For anyone interested in a wideranging and detailed treatment of the “intelligent design” (ID) controversy, a thorough reading of the transcripts from Kitzmiller v Dover Area School District would be recommended, except that it is extremely long, tedious, and often bogged down in the minutiae of legal proceedings. Nonetheless, a selective glimpse at the testimony is insightful. At issue in Kitzmiller was a statement directing students to “keep an open mind” “because Darwin’s Theory is a theory” and informing those who were interested in an alternative view that the ID “reference book” Of Pandas and People was available.
In his introduction to The Panda’s Black Box, Nathaniel Comfort attempts to unpack the current teach–the–controversy strategy. He concludes that the controversy that exists between ID proponents and advocates of mainstream evolutionary theory “is not about the findings of science. Rather, it is about the place of science in society” (p 7). Comfort champions teaching the controversy, as long as it is taught in a humanities environment that is equipped to handle the rhetoric, dogma, values, and the political baggage that it entails.
Scott Gilbert, the only biologist among the contributors, provides an interesting look at what it would take for biologists to “teach the controversy”. Using his experience teaching developmental biology, he lampoons ID as “what science might be if it lost its respect for evidence and controls” (p 41) and adds that “the debate between evolutionary biology and ‘intelligent design’ is like a debate over whether the aerodynamics of the Boeing 747 are superior to those of flying carpets” (p 43). These oneliners aside, Gilbert’s central theme — that it is important to separate the scientific content of a theory from its science–like packaging — provides a resonant theme.
Michael Ruse and Edward Larson provide histories of the design argument and teaching evolution in public schools, respectively. Ruse’s piece distills portions of his much more substantial Darwin and Design: Does Evolution Have a Purpose? (Cambridge [MA]: Harvard University Press, 2003) to provide a history of the design argument that stretches from the ancient Greeks to the contemporary ID movement. He rejects the claim that ID represents a breakthrough in scientific thinking.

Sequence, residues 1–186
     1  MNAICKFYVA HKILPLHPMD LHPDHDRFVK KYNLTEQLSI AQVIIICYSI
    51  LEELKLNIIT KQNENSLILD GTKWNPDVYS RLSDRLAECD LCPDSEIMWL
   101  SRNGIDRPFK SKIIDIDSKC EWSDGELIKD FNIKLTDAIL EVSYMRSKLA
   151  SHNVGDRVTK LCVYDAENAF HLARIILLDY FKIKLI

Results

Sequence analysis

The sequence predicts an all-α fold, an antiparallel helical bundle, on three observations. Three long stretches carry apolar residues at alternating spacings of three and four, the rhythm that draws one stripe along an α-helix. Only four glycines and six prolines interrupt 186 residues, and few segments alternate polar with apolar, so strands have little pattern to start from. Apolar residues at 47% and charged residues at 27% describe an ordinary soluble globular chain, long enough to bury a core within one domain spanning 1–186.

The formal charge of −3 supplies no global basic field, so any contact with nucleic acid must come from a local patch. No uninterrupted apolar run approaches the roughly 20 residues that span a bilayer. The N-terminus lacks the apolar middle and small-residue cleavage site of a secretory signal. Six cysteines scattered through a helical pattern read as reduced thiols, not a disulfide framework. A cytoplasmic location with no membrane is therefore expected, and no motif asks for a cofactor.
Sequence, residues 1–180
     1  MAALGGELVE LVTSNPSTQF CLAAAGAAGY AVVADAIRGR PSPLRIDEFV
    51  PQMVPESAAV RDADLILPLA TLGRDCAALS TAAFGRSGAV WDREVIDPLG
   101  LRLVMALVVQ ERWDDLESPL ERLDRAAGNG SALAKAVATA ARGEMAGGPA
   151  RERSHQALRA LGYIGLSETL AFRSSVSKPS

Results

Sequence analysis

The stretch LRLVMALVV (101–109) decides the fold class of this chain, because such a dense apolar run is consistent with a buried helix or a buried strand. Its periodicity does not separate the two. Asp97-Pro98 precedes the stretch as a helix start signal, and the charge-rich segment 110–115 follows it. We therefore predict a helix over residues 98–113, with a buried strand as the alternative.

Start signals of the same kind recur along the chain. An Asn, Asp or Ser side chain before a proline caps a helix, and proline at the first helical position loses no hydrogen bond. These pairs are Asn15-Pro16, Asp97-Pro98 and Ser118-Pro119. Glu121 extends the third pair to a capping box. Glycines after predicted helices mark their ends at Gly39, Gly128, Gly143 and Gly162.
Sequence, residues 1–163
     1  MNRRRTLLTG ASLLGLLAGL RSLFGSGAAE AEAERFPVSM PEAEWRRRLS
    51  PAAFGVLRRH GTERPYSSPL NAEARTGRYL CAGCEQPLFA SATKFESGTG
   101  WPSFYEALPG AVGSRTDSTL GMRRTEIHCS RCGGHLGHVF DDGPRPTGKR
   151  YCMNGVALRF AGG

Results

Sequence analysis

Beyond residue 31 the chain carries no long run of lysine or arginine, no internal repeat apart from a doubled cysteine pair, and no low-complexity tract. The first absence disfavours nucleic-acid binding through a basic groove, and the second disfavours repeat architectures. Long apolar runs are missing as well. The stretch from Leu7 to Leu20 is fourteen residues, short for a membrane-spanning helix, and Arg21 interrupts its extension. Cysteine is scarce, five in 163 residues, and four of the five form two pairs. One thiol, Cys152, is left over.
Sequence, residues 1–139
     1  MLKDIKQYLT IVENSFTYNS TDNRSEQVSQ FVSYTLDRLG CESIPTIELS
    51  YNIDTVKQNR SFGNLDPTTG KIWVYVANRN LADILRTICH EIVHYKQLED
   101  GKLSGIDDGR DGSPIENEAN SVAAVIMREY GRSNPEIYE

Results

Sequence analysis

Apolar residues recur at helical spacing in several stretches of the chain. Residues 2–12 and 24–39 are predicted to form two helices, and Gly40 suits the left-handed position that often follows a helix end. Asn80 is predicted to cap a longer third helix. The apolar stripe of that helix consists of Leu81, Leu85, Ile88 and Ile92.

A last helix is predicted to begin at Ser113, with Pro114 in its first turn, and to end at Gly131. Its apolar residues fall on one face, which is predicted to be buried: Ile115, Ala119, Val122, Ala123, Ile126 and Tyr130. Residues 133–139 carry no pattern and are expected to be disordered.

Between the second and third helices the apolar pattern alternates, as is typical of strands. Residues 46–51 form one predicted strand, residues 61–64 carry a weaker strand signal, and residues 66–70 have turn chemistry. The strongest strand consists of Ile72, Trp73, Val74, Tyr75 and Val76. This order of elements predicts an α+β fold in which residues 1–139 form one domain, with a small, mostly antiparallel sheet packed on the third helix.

Likewise, Larson, author of Trial and Error: The American Controversy over Creation and Evolution (third edition, New York: Oxford University Press, 2003) and Summer for the Gods: The Scopes Trial and America’s Continuing Debate over Science and Religion (New York: Basic Books, 1997) condenses substantial scholarship to trace the debates over evolution in the public schools from the 1920s into the 21st century. Beyond the abridged history, Larson touches on the role played by scientists’ attitudes toward religion in shaping the ongoing controversy and on the impotence of our court system when it comes to solving the public controversy.
Jane Maienschein uses the current controversy over human embryonic stem cells to illustrate how the public presentation of purported science–religion battles generally fails to capture the range of issues involved. Her discussion attempts to separate facts, on which there may be little disagreement (for example, that a fertilized egg contains a full complement of DNA), from values, on which there is generally little agreement (for example, “What rights or respect should be afforded to an embryo?”). She also separates metaphysical debates (that is, those about what exists) from epistemological debates (that is, those about how we know things). By citing the centrality of evolutionary theory to any hope of finding a competent response to threats such as the H5N1 strain of avian flu and the loss of biodiversity, she provides the most compelling case for choosing evolution over ID for our classrooms and policy–making arenas.
Robert Maxwell Young’s discussion of scientific reductionism, materialism and the fact–value distinction as sources of the science–religion divide illustrates at the often–ignored complexity of the science of human nature. Rather than attacking either ID proponents or evolutionists, he provides a useful examination of historical transitions that accompanied the shift from natural theology to materialist science. The centerpiece of his discussion casts Darwin’s theory as “arguably the most important idea in the history of the natural or human sciences” (p 13).
The Panda’s Black Box is an accessible reader that quickly and deftly surveys the current evolution– ID debates from a range of philosophical and historical angles. It provides a useful synopsis of considerable scholarship on the issues involved. Despite the considerable abridgment of several lines of argument owing to its brevity, it manages to convey a sense of the debates that is accessible and sufficiently footnoted to allow those who are so inclined to dig deeper into the quagmire of “the controversy” surrounding the place of science in our society.